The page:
Rafael Nadal survived a stern examination of his title credentials to edge out the brilliant Mardy Fish in a late-night classic at the ATP World Tour Finals.
Nadal had not played a competitive match since 13 October and it was all-too apparent as eighth seed Fish fought back from losing the first set to threaten a massive upset.
The crowd at London's O2 Arena were treated to a titanic decider as the clock ticked and both men gave absolutely everything to secure an opening-day win.
Nadal eventually emerged triumphant at 2329 GMT, winning 6-2 3-6 7-6 (7-3) in two hours and 53 minutes of enthralling competition.
The event organisers could not have wished for a better start to the season-ending championship - with Roger Federer's victory over Jo-Wilfried Tsonga also going the distance earlier on Sunday.
But the number of spectators in a capacity crowd that had to leave before the Nadal-Fish match drew to a close will raise questions about the decision to schedule the evening singles matches not before 2000 GMT.
Nonetheless, it made for a thrilling spectacle and Nadal, who required a bathroom break for a stomach problem late on, must now recover in time to play Federer on Tuesday, while Fish takes on Tsonga.
Federer and Andy Murray were among those to predict that Nadal, who took time off to rest after defeat by Florian Mayer in Shanghai, could show signs of rustiness and so it proved.
Fast indoor courts have always been the world number two's least-favourite surface and his preparations were further disrupted when he called the trainer to tape his fingers before play had even begun.
Fortunately for the Spaniard, he was facing a tournament debutant who looked nervous in his new surroundings and three poor errors saw Fish broken to 15 in the opening game.
Nadal was posting an unusually low first-serve percentage but dominating all baseline rallies, and he came out on top after a sensational exchange to move 4-2 ahead before striking again with a forehand winner in the following game.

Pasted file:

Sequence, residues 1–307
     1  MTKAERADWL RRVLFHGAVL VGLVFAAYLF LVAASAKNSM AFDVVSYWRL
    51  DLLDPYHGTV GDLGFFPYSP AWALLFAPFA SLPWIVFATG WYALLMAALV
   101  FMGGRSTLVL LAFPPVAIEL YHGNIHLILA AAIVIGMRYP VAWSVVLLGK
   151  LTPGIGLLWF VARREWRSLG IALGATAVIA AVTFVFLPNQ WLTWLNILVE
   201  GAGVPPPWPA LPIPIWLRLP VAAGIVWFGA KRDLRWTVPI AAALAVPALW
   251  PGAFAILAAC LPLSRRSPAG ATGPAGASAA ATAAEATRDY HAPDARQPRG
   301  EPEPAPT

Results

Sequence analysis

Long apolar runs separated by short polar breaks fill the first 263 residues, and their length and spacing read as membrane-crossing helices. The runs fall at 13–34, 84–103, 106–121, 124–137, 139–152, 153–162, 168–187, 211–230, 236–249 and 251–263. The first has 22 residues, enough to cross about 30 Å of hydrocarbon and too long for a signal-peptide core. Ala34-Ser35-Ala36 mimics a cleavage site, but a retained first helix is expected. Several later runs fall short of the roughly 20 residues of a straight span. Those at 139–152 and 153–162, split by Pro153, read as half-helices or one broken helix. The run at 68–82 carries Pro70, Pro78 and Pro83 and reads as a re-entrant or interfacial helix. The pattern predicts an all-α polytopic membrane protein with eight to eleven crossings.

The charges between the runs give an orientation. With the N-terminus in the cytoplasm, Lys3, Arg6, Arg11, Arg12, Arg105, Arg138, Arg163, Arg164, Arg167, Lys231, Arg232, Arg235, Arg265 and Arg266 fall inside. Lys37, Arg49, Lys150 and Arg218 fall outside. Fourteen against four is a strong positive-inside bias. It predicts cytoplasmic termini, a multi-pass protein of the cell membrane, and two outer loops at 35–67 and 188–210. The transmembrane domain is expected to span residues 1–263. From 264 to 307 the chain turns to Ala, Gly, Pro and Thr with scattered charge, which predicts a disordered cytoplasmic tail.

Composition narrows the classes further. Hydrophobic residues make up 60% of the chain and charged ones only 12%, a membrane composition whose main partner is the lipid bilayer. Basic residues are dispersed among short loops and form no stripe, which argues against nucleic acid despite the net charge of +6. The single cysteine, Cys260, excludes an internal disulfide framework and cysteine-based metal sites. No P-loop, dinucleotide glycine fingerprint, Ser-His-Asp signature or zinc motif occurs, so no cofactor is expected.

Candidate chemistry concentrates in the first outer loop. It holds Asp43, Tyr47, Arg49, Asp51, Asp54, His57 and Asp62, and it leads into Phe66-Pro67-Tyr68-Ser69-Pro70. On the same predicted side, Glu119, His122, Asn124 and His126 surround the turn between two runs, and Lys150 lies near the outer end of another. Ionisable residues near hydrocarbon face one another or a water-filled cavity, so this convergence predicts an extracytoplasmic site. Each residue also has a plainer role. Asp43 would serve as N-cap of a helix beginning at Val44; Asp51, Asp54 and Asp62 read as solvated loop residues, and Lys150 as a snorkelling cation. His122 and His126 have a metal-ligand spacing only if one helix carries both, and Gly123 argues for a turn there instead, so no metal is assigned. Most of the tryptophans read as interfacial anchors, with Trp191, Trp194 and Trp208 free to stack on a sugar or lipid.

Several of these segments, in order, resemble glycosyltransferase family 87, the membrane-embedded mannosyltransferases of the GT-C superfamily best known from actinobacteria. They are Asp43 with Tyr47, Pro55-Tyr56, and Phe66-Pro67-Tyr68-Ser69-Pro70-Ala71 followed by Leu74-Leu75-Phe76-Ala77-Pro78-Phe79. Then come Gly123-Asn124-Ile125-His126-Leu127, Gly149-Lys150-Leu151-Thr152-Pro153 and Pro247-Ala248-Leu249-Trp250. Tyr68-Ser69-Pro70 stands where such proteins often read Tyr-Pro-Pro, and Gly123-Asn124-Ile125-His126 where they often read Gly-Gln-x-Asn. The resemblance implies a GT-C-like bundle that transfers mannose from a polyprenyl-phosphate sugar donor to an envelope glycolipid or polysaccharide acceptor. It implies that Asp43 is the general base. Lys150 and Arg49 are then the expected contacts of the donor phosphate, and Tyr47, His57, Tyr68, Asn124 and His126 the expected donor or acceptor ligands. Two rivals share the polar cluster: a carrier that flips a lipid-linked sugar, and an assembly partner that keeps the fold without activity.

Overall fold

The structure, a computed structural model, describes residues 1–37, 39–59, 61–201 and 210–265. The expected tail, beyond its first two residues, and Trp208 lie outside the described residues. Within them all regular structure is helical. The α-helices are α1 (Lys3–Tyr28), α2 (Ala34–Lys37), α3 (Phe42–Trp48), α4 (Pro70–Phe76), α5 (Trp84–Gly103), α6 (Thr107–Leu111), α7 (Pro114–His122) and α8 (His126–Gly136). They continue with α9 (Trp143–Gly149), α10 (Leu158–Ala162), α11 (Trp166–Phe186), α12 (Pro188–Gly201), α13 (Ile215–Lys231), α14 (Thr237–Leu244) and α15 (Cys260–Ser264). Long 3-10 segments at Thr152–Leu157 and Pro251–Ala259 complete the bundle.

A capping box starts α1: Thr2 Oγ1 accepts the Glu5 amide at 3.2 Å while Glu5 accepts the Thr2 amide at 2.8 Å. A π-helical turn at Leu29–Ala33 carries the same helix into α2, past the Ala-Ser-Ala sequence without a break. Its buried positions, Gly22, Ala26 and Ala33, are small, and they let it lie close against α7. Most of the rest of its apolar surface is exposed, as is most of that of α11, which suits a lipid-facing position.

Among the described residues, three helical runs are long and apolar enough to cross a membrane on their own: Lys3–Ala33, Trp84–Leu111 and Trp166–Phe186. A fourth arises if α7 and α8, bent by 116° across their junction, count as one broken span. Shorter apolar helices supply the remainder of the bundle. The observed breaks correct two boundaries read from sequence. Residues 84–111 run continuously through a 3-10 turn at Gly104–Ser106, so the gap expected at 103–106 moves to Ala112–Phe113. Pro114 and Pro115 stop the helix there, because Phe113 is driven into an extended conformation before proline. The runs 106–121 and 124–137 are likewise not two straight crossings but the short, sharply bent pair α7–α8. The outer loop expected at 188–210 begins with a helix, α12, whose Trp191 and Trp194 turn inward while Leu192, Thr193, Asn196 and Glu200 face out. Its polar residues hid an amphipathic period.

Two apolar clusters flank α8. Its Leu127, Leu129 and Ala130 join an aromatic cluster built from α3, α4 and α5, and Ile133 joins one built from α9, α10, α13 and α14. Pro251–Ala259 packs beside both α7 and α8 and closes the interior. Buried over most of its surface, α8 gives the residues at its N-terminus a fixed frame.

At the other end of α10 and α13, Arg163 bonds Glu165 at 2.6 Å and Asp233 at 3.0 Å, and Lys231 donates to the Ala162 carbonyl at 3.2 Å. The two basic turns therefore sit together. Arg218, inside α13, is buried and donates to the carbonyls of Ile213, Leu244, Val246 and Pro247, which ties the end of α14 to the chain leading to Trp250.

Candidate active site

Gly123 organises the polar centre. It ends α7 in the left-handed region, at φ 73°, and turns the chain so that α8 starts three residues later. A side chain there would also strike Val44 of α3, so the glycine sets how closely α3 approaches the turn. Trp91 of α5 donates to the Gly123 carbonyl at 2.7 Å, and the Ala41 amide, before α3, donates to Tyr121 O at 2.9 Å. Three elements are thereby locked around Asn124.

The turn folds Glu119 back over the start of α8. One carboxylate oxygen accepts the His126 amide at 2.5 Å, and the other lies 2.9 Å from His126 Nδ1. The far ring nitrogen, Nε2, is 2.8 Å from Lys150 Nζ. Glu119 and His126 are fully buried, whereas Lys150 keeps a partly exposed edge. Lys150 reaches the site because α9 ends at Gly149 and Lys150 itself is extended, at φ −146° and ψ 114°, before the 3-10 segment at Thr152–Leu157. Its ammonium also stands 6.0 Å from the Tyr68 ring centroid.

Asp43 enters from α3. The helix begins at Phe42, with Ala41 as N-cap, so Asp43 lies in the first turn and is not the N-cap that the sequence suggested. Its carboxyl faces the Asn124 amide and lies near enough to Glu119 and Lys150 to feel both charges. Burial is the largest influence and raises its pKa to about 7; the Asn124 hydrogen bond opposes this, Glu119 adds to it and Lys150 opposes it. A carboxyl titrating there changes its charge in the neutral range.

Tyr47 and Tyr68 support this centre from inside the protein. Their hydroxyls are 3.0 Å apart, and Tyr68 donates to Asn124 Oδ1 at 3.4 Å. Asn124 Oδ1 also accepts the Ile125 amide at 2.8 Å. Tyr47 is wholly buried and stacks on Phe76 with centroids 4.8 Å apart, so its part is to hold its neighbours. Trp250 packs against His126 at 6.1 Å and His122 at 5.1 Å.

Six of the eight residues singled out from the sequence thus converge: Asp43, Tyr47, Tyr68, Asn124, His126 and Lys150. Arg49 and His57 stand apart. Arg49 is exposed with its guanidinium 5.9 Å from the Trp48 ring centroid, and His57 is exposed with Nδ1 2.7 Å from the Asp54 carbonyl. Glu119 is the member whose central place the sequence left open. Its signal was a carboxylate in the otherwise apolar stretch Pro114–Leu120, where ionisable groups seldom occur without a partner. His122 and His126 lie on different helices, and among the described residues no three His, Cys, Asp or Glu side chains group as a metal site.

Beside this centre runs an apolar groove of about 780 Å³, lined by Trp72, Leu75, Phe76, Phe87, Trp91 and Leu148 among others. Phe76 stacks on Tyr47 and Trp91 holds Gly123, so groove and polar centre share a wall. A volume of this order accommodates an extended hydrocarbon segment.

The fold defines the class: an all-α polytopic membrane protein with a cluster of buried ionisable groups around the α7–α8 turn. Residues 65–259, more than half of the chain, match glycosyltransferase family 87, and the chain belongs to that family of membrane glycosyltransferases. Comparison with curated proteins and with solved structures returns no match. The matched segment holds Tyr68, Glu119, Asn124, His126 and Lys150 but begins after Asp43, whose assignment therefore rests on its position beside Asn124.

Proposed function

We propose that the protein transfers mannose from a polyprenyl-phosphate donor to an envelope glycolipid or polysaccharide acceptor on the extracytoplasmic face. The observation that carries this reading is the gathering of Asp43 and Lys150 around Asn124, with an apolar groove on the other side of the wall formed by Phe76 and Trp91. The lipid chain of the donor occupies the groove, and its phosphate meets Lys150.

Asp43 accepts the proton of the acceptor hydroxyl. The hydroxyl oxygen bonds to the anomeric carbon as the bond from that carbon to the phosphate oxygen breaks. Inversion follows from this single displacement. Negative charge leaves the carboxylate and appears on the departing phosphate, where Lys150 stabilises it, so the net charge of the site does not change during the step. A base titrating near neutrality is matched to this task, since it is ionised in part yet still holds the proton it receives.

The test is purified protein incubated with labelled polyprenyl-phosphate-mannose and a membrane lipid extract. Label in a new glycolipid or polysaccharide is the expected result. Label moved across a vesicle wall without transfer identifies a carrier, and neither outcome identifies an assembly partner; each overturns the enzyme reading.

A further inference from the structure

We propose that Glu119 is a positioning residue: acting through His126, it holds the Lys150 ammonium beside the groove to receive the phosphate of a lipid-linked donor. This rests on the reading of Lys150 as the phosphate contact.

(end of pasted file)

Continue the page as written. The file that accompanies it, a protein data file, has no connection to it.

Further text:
When the left-hander comfortably served out the set with a nod in the direction of his uncle and coach Toni, it seemed he was heading for a carefree evening.
But if that was the script, nobody had told Fish and, by making greater use of his volleying skills to navigate his own service games, he was able to apply serious pressure on the Nadal delivery.
Nadal went long and wide to put Fish 2-0 ahead in the second set and he almost fell further behind in game six, scrambling all over the court to save two break points for 4-2.
Large sections of the crowd were now pulling for Fish and the American responded with some hugely aggressive tennis, surging to the net at every opportunity.
He forced another four break points in game eight - only for Nadal to hold for 3-5 - before rescuing one himself as he took the match to a third set.
Nadal had won seven of their eight meetings, and that looked certain to become eight of nine when the Spaniard went 2-0 up in the decider with a stunning forehand pass. It was at that point that he left the court for a short time.
However, Fish had nothing to lose and hit straight back with a delicious pick-up that died as it crossed the net, a hold to 15 and backhand winner for 3-2.
With the remaining spectators routinely being brought to their feet, Nadal broke back to love with a forehand pass before both men held for 4-4.
Fish managed to save two match points in game 10 but showed only flashes of his previous brilliance in the tie-break, netting a backhand volley to end a memorable contest.
In the doubles, Mariusz Fyrstenberg and Marcin Matkowski from Poland defeated Michael Llodra and Nenad Zimonjic 6-4 5-7 11-9.